John 15 teaches us that if we abide in him we will bear much fruit, and yet for over 50 years the church in Scotland has been in sharp decline. With a focus on membership, Sunday service attendance and baptismal statistics, the picture painted by statisticians is overwhelmingly gloomy. The recent church census conducted by Peter Brierley in 2016 has demonstrated that all traditional denominations in Scotland are in decline, with a small trace of church growth being seen in new forms of church and ethnic minority congregations. There is no doubt in my mind that these stories are overwhelmingly debilitating and faith-sapping for our churches. Trying harder or seeking to discover the latest trending programme will not resolve the underlying issues.

The problem with these numbers is that they only tell a particular story. Ten years ago, very few of our churches were committed to the local community in the way I observe today. Church buildings are open to the public, ministers are spending more time with as yet unbelievers. I hear stories of small groups that have adopted a missional stance and are engaging with local schools, artists, musicians, prostitutes, prisoners, bikers, joggers, and so the list could go on.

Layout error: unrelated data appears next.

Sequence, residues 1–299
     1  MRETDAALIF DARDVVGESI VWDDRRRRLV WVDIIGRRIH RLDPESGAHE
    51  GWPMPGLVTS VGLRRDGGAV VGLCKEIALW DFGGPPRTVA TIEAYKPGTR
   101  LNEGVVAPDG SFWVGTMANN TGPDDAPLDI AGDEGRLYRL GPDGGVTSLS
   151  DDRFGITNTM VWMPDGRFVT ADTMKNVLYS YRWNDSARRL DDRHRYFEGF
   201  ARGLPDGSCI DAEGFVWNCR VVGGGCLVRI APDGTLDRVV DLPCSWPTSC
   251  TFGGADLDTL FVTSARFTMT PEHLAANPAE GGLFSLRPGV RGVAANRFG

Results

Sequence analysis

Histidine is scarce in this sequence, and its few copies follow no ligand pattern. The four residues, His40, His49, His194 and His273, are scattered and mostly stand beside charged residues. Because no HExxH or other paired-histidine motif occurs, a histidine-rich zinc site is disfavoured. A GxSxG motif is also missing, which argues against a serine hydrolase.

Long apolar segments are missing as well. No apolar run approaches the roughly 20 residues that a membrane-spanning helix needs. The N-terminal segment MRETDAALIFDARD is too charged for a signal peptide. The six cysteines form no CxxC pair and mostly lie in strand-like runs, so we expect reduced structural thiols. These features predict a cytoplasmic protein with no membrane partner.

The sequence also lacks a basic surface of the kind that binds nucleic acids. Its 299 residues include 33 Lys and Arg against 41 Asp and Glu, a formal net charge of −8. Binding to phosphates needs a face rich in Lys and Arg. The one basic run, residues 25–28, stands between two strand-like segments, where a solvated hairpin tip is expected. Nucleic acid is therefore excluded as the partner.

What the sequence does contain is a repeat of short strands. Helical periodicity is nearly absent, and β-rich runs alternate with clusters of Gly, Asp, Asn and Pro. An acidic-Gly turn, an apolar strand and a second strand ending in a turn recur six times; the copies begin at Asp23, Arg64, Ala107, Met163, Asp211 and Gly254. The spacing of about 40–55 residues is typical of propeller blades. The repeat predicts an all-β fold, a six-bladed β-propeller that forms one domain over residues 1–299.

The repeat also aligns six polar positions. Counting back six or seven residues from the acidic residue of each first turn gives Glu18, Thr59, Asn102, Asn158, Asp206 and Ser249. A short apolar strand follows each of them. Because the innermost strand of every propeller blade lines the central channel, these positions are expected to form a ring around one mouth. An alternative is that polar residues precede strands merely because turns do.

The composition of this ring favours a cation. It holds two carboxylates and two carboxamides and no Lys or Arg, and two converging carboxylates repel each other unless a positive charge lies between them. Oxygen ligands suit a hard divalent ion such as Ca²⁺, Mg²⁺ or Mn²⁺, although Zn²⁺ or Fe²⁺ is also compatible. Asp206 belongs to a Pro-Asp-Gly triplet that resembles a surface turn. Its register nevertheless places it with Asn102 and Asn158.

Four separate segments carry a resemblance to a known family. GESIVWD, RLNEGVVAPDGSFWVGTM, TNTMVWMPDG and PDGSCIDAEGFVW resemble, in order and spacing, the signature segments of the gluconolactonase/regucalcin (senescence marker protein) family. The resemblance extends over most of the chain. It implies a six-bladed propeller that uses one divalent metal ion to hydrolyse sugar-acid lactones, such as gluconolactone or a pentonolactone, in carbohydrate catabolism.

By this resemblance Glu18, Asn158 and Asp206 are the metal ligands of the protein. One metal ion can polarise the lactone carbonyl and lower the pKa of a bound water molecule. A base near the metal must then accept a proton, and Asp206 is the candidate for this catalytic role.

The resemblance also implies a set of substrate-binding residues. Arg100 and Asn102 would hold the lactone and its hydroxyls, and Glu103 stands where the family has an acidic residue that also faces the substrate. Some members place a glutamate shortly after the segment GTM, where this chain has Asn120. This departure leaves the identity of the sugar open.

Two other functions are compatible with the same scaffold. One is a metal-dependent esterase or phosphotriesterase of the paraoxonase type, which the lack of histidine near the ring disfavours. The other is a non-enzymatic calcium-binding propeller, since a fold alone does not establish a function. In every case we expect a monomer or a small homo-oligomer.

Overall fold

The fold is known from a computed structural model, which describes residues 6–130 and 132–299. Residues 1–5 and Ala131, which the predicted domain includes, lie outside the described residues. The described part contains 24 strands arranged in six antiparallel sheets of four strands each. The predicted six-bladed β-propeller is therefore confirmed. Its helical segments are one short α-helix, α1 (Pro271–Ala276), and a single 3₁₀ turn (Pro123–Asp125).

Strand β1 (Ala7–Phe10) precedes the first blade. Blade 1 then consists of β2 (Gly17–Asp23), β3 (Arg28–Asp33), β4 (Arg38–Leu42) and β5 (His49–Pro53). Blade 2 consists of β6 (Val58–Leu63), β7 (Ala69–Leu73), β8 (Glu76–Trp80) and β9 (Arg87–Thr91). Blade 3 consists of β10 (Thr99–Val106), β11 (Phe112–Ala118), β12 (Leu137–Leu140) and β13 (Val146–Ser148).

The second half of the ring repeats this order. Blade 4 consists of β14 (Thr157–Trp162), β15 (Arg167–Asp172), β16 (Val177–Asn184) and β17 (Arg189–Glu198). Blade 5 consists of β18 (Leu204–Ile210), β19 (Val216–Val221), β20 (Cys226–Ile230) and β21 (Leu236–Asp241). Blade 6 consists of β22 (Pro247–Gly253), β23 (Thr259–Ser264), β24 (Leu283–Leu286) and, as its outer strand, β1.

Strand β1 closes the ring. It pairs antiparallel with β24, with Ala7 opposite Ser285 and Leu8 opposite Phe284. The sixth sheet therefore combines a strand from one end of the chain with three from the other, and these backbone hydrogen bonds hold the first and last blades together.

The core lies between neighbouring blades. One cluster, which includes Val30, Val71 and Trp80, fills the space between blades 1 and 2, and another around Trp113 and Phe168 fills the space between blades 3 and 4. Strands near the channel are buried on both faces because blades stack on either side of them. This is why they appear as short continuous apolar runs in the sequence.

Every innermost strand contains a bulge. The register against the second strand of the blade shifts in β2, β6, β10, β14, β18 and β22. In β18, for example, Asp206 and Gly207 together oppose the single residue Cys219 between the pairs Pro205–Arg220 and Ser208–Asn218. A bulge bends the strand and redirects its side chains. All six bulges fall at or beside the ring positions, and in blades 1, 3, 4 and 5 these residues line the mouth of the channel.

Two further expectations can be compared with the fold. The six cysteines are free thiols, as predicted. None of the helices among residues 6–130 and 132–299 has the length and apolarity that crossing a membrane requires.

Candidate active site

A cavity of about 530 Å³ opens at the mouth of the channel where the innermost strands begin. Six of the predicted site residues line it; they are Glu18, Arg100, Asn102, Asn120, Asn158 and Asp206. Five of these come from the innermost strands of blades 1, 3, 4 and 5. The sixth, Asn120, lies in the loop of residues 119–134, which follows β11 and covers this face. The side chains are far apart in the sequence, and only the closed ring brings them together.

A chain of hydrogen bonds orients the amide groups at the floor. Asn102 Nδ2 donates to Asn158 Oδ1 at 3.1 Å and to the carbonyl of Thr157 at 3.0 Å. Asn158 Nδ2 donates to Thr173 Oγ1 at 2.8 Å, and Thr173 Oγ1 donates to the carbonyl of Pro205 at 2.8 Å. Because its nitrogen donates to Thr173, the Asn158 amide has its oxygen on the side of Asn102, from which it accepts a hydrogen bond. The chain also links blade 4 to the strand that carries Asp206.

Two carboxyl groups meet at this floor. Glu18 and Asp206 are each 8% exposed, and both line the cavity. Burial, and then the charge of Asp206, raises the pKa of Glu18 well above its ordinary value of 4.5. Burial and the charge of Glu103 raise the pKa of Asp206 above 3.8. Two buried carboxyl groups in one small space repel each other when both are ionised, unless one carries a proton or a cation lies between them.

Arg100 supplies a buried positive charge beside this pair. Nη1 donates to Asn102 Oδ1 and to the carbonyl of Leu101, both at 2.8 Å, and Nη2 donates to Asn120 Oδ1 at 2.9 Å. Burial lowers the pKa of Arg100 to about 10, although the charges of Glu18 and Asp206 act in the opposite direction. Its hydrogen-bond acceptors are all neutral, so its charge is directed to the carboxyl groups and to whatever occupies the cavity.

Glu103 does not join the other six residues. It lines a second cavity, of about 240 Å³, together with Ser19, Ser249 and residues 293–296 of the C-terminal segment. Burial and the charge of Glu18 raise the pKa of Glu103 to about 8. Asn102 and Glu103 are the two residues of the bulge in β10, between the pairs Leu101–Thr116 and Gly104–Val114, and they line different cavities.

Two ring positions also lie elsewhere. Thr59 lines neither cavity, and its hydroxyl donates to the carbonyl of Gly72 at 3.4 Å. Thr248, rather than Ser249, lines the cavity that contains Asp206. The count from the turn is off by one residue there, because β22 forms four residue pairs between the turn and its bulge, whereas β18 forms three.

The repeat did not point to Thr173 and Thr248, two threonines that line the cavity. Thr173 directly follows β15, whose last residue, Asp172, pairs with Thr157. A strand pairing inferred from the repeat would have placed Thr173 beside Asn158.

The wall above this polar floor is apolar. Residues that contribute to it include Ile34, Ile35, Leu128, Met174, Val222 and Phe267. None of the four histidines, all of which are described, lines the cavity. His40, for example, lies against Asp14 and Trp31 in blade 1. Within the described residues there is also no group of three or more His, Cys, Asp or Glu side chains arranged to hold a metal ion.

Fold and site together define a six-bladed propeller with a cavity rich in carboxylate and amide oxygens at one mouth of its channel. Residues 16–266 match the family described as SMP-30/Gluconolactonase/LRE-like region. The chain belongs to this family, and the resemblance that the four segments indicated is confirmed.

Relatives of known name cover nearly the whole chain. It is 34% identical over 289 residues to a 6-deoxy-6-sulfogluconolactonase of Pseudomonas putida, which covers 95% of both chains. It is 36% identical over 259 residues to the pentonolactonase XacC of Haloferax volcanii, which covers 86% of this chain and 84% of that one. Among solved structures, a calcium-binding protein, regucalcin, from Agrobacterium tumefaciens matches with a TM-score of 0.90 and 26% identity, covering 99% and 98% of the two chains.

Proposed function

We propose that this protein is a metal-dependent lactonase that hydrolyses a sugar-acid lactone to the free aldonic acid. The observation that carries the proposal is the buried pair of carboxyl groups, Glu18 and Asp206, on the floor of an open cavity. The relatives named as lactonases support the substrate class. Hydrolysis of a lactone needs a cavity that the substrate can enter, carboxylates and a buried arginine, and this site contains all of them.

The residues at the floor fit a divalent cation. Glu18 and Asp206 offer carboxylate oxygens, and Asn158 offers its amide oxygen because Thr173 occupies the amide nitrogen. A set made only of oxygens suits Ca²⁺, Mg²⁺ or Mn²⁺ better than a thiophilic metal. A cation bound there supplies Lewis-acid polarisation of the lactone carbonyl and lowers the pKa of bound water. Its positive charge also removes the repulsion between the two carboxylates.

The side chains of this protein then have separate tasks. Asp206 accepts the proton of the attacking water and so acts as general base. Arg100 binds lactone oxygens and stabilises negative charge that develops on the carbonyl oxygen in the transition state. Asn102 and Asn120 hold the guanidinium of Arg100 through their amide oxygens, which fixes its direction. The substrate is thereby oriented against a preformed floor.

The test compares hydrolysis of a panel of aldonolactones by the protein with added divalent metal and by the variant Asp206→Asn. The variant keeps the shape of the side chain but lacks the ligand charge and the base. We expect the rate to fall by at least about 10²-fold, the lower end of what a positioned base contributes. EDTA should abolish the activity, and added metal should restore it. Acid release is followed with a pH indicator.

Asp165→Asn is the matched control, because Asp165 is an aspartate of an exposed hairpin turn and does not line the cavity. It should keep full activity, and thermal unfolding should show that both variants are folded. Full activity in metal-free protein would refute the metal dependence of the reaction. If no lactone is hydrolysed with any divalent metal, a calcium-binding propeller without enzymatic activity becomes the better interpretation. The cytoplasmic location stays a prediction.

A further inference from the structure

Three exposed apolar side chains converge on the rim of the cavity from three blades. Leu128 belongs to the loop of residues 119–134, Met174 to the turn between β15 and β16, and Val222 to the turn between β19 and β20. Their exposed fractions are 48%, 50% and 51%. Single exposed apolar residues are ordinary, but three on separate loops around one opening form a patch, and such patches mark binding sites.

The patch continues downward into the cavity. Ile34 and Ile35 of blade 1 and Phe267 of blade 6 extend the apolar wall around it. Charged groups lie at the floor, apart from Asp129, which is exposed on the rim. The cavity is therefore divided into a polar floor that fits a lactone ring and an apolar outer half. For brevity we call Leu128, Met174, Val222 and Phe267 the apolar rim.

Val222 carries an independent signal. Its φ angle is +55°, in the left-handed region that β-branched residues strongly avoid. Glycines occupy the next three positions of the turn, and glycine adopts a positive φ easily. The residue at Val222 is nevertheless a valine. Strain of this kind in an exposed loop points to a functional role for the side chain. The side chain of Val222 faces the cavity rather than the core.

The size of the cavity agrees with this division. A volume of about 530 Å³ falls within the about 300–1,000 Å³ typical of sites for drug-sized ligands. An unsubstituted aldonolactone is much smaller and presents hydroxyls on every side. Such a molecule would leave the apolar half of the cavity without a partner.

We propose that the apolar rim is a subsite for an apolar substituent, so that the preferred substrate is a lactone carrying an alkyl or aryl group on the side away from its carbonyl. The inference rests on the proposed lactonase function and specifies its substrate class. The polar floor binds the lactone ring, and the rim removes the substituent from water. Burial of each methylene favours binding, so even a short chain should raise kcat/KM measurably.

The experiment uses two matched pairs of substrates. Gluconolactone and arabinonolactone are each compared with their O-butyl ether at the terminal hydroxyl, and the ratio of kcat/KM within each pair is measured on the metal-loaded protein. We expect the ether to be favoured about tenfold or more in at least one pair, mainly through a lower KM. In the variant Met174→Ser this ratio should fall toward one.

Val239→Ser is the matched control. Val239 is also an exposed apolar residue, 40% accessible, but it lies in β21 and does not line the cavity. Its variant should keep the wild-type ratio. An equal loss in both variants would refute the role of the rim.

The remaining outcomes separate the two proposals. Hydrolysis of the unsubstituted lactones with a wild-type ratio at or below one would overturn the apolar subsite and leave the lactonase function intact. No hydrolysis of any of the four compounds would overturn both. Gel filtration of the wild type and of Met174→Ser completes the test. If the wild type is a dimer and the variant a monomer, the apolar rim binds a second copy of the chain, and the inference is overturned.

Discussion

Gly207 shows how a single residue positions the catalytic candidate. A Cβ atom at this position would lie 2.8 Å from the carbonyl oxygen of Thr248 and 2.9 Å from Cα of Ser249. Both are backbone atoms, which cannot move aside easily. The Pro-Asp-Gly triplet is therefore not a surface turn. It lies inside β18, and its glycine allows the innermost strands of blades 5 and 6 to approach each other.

I hear of churches developing fresh gatherings for prayer that often last several days at a time. There are new ways of approaching the discipleship of young leaders and putting space aside to think about the long term future of the church rather than always focusing on the immediate.

Thankfully, decline is beginning to disturb our equilibrium. We have been forced, in many cases, into a journey of self-emptying, a humbling journey. Arrested by the imminent death of the established church, we travel towards a new place of Christ-like reliance and creativity that embraces the journey celebrated in Baptism of dying to self and rising in an expression of new life in God’s Kingdom.

Abiding in Christ should cause us to re-evaluate our practices and priorities. To consider what has been lost from our Baptist faith and practice in the last 50 years that we need to recapture. To measure the fruitfulness of the discipleship of each and every believer; our commitment to see everyone in our churches faithful in witness and global outreach; and the counter cultural lifestyle that is always present where Jesus is declared as Lord.

Rev Alan Donaldson

General Director

Baptist Union of Scotland